morior

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Latin[edit]

Etymology[edit]

From Proto-Indo-European *mer- ‎(to die).

Cognate with Ancient Greek βροτός ‎(brotós, mortal), Proto-Germanic *murþaz, Proto-Celtic *marwos, Lithuanian mirti ‎(death), Sanskrit मृत्यु ‎(mṛtyú, death), Proto-Slavic *merti.

Pronunciation[edit]

Verb[edit]

morior ‎(present infinitive morī, perfect active mortuus sum); third conjugation iō-variant, deponent

  1. I die.
    • 23 BCE – 13 BCE, Horace, Odes 3.2.13
      Dulce et decorum est pro patria mori.
      Sweet and fitting it is to die for one's fatherland.
  2. I decay, wither.

Inflection[edit]

   Conjugation of morior (third conjugation -variant, deponent)
indicative singular plural
first second third first second third
active present morior moreris, morere moritur morimur moriminī moriuntur
imperfect moriēbar moriēbāris, moriēbāre moriēbātur moriēbāmur moriēbāminī moriēbantur
future moriar moriēris, moriēre moriētur moriēmur moriēminī morientur
perfect mortuus + present active indicative of sum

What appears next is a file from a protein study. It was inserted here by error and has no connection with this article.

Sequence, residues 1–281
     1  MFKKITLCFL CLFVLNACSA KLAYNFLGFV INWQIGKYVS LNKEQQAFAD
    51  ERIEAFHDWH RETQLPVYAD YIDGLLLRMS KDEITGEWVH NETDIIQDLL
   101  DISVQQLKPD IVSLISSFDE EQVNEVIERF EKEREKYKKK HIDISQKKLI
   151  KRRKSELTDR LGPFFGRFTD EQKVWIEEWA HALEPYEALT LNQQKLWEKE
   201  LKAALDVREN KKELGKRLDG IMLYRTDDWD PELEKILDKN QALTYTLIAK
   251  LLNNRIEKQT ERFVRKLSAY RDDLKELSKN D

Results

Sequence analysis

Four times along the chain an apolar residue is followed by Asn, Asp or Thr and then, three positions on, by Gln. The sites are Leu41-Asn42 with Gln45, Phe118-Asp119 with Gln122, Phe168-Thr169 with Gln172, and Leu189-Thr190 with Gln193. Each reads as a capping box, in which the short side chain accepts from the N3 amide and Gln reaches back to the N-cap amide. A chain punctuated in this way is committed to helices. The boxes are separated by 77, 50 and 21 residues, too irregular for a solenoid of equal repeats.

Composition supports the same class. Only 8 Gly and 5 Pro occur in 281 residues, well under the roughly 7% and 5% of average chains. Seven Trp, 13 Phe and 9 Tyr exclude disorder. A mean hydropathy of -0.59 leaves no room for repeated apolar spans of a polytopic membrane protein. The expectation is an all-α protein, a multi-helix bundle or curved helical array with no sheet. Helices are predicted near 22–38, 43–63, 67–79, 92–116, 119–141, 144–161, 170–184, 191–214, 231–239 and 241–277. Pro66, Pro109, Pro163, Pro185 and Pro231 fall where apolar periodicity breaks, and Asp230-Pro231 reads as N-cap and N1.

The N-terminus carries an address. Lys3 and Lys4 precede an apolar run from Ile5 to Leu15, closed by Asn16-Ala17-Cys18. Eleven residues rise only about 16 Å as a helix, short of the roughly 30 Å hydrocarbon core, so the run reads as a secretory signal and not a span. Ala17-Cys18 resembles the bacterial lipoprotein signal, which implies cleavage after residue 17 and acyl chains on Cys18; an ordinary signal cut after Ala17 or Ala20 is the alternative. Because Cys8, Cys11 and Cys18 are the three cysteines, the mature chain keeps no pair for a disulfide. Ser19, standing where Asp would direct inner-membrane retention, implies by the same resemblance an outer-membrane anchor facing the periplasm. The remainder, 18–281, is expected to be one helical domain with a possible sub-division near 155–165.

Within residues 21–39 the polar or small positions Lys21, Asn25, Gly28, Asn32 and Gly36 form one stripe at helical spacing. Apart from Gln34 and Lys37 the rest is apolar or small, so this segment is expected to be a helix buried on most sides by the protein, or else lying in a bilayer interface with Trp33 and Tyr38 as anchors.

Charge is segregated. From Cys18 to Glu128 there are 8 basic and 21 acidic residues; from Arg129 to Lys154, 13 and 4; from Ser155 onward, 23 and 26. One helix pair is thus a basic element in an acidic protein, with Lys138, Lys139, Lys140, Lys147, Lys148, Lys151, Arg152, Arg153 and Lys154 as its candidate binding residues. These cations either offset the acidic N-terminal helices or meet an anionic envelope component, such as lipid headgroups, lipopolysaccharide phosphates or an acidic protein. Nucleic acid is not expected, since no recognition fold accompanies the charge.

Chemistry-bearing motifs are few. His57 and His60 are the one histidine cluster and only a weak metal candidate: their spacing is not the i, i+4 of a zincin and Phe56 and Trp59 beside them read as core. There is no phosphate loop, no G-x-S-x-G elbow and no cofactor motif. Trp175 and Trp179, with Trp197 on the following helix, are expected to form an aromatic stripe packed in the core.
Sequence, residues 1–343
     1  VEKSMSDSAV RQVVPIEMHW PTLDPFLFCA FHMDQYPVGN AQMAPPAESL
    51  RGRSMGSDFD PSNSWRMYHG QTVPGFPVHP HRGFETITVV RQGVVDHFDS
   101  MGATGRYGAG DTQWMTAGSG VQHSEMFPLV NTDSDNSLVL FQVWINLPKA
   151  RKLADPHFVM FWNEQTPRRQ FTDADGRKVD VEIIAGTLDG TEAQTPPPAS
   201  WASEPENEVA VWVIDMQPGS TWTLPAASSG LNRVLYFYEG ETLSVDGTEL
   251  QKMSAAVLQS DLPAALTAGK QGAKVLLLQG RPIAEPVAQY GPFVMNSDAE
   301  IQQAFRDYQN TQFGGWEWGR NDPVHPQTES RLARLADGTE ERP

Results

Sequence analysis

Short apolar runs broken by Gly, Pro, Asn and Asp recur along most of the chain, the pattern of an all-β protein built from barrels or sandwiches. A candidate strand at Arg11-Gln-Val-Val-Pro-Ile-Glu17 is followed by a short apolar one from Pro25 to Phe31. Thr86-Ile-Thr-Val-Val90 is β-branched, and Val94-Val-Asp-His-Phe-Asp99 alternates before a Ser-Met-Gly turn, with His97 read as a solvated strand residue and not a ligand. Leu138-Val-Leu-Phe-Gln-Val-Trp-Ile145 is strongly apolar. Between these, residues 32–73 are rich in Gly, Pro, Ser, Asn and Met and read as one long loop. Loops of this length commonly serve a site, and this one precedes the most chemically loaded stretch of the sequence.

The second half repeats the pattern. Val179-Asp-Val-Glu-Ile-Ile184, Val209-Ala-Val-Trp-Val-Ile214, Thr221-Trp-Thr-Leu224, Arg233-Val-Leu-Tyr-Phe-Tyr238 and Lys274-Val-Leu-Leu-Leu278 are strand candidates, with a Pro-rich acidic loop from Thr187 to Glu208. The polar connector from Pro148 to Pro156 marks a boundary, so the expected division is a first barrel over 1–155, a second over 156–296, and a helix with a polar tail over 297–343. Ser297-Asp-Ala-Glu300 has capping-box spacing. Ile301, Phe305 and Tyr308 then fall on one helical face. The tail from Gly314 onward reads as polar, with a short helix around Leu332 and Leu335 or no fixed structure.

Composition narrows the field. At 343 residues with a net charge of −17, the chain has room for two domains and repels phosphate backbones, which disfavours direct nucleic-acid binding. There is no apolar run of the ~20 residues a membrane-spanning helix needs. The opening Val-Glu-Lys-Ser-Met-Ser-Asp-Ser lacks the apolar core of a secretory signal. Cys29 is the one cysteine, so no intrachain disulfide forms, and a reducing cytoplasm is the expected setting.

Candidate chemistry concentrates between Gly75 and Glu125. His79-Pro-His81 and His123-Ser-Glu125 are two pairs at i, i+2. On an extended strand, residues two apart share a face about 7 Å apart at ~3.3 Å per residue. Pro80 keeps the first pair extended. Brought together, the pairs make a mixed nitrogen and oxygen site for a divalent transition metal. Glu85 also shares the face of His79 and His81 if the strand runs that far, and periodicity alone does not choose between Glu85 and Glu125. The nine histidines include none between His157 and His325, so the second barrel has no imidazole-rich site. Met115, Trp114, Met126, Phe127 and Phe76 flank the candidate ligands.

pluperfect mortuus + imperfect active indicative of sum
future perfect mortuus + future active indicative of sum
subjunctive singular plural
first second third first second third
active present moriar moriāris, moriāre moriātur moriāmur moriāminī moriantur
imperfect morerer morerēris, morerēre morerētur morerēmur morerēminī morerentur
perfect mortuus + present active subjunctive of sum
pluperfect mortuus + imperfect active subjunctive of sum
imperative singular plural
first second third first second third
active present morere moriminī
future moritor moritor moriuntor
non-finite forms active passive
present perfect future present perfect future
infinitives morī mortuus esse mortuum īrī
participles moriēns mortuus moritūrus moriendus
verbal nouns gerund supine
nominative genitive dative/ablative accusative accusative ablative
morī moriendī moriendō moriendum mortuum mortuū

Derived terms[edit]

Related terms[edit]

Descendants[edit]

References[edit]

  • morior in Charlton T. Lewis & Charles Short (1879) A Latin Dictionary, Oxford: Clarendon Press
  • morior in Charlton T. Lewis (1891) An Elementary Latin Dictionary, New York: Harper & Brothers
  • morior in Félix Gaffiot (1934), Dictionnaire Illustré Latin-Français, Paris: Hachette.
  • Meissner, Carl; Auden, Henry William (1894) Latin Phrase-Book[1], London: Macmillan and Co.
    • (ambiguous) to die at a good old age: exacta aetate mori
    • (ambiguous) to starve oneself to death: inediā mori or vitam finire
    • (ambiguous) to die a natural death: necessaria (opp. voluntaria) morte mori
    • (ambiguous) to die of wounds: ex vulnere mori (Fam. 10. 33)